My first thought in reading the pieces for this week was that these are all strategies that everybody needs to apply to the rhetoric surrounding this upcoming election. The amount of unverified and unsupported claims and flat out bullshit spouted by not just the candidates but by tons of people in the media in staggering. I know who I’m thinking of, but that isn’t exactly the point here. More importantly in this context, what we’re talking about in general is the need for people to examine their sources. To think critically. Actually, what the combined list of readings for this week really points to, alarmingly, is the need for people to be reminded to think critically. Excuse me, sir? My colleagues and I in this field got together, and it’s looking like you’re out here just swallowing whole every single thing you see online. Please stop. I didn’t think that this habit of taking for granted that everything you see is true was a new thing. I thought it already had a name. I thought it was called being gullible. You might say that people of my general age grew up in a time when we got to mess around with computer and the internet and learn their ways, making us predisposed to have strong “bullshit detectors” and that would certainly be true. I spent way too much time on my family’s computer during my teenage years. Any computer really, wherever I could get time on one. My friends and my classmates and total strangers and I spent a lot of that time exploring. We directed each other to things of shared interest, conferred with one another with varying degrees of privacy, schemed and planned and chatted and speculated, and sometimes tried to trick each other. We’d use new or fake accounts to impersonate someone or invent a totally new identity, always to a different end but always inherently with the intent to deceive. Not in a scary murderer or catfish way, but as a way of play. The same way kids ask each other to join the PEN15 Club or ask them to pronounce I-C-U-P. Like a knock-knock joke or a jump scare. Setting up your friends, messing with them. Of course some people are worse than others and do and have used the internet and anonymity to do awful things, but that’s not what I’m talking about. What I’m getting at is the need, as a navigator of this communication-scape, to evaluate everything that came your way. Every invitation, every declaration, (especially of love, those were dangerous [and mean]) every fact(oid). Everything. Because it could all be somebody else messing with you before the big reveal at school the next day. Over time, the skills, or not quite skills but ways of being (literacy is probably the right word) turned into something incomparably valuable in terms of living and working in a world that has turned increasingly toward digital networked everything. But this doesn’t mean that myself and all the animals I went to high school with should be the only people who know how to use the internet. All those little tricks that I mentioned before, the schoolyard games, happened before any of us knew anything about the internet, and for generation before that. Ever heard a joke about a guy having a bridge to sell you? The central premise here is gullibility. Somebody believing something, without credible evidence, that they shouldn’t. One of the readings mentioned the author’s daughter and a conversation (probably embellished from real life, if not entirely contrived for the purpose of making this exact point, mind you) about how the internet is different from a library book because it is unreliable. I would argue against that point. Maybe in a time when everyone had a sunnier impression of the world in general it was thought that people in publishing could be depended on to tell the truth without an angle. But even with the vetting process that we all hope (perhaps naively and largely with no actual evidence or experiential knowledge of our own [think about it]) goes into publishing a book, its a personally ill-conceived and distinctly unacademic strategy to believe everything you read in a book without corroborating even well-argued claims with other sources. Therefore, double checking to make sure the website you’re reading isn’t some new skill that I picked up because I lucked into being born in the 80s. It’s just the natural extension of a skill we’re all supposed to have learned in life to the realm of web publishing. Critical thinking and close reading and problem solving are all things we’re supposed to have been taught in school, and should have learned to apply to different situation in our lives. Granted, somebody who isn’t familiar with how websites work might not necessarily have the tools and the literacy to know how to go about vetting a source like that, and that is where the one reading from the Salon.com editor is really useful. I’m sorry if this is getting a little ranty. Talking about detecting bullshit has really drawn out a lot of frustration I feel like every day of my life. I’m done now.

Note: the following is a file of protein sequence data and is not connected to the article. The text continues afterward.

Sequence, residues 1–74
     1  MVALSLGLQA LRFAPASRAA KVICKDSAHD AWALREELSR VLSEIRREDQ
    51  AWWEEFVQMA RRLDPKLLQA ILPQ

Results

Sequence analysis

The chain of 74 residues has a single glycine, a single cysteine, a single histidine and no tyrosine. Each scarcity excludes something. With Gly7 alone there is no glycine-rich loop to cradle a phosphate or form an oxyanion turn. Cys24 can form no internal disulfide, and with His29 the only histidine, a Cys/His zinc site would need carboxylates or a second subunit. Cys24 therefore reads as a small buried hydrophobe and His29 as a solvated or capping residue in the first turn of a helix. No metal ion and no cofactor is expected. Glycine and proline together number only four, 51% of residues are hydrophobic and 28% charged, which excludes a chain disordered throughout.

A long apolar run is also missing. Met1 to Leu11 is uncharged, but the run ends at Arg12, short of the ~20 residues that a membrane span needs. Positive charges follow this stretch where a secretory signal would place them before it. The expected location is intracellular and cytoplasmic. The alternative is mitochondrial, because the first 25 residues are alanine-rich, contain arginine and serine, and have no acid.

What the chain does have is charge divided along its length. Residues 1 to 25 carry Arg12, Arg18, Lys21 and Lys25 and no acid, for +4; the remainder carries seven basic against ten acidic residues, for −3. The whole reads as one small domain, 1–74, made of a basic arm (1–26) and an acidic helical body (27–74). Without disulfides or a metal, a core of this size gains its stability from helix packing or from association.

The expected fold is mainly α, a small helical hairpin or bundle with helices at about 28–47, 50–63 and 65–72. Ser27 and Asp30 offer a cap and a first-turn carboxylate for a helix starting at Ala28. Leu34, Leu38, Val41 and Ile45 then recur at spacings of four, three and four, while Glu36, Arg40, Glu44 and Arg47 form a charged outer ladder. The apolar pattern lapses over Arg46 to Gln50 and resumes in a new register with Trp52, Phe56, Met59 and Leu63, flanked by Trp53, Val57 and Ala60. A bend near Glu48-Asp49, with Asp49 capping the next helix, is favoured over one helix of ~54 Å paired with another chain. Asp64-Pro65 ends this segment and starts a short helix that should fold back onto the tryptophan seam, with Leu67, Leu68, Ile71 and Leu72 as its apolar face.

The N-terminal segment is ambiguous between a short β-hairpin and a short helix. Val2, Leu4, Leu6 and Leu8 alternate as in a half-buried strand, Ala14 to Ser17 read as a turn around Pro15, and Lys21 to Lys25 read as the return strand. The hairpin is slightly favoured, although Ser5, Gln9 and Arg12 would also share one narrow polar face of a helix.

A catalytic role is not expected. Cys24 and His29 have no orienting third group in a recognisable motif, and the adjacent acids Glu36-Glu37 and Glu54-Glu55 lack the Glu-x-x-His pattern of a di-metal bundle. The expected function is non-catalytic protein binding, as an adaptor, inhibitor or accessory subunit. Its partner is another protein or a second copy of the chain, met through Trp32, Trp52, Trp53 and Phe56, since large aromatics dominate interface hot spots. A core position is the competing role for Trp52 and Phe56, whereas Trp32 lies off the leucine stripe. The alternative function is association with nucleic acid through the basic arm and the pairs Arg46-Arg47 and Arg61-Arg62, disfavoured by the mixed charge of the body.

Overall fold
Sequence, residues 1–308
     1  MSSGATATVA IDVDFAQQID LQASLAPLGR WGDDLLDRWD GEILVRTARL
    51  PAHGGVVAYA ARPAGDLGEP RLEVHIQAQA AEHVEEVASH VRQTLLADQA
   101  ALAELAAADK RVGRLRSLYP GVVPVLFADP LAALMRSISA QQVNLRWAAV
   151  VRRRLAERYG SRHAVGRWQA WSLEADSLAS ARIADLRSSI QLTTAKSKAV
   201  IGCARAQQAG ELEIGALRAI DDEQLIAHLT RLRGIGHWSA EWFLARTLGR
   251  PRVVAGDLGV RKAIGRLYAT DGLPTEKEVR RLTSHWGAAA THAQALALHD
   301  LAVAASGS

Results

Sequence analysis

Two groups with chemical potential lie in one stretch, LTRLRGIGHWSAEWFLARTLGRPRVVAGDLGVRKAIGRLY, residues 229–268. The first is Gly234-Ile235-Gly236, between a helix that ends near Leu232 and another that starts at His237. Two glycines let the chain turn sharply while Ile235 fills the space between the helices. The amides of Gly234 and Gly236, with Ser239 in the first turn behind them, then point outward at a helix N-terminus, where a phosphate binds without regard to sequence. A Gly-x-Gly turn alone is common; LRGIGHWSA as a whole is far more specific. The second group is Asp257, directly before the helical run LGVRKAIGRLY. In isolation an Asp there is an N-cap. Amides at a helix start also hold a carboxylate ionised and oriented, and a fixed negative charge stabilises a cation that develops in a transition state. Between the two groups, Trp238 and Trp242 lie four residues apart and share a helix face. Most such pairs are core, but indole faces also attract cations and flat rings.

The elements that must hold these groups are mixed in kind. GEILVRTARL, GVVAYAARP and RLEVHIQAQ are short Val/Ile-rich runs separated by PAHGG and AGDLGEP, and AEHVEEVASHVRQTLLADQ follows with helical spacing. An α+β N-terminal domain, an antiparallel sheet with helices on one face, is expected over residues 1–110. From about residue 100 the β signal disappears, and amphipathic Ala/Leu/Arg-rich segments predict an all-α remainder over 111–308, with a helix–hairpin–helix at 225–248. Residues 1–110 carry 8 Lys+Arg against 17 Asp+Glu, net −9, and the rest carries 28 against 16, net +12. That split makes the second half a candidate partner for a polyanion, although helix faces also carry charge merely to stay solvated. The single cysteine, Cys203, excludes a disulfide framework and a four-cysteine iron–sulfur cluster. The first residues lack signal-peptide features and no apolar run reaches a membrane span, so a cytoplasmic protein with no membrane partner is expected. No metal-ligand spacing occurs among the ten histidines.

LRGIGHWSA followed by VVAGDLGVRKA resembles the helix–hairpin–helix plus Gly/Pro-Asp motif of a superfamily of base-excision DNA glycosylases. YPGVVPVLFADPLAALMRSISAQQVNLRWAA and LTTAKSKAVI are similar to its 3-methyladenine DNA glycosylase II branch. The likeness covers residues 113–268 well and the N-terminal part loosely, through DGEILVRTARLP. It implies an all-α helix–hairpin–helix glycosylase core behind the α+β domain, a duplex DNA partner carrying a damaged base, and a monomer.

This blog is for last week (i’m a bit behind in updating this).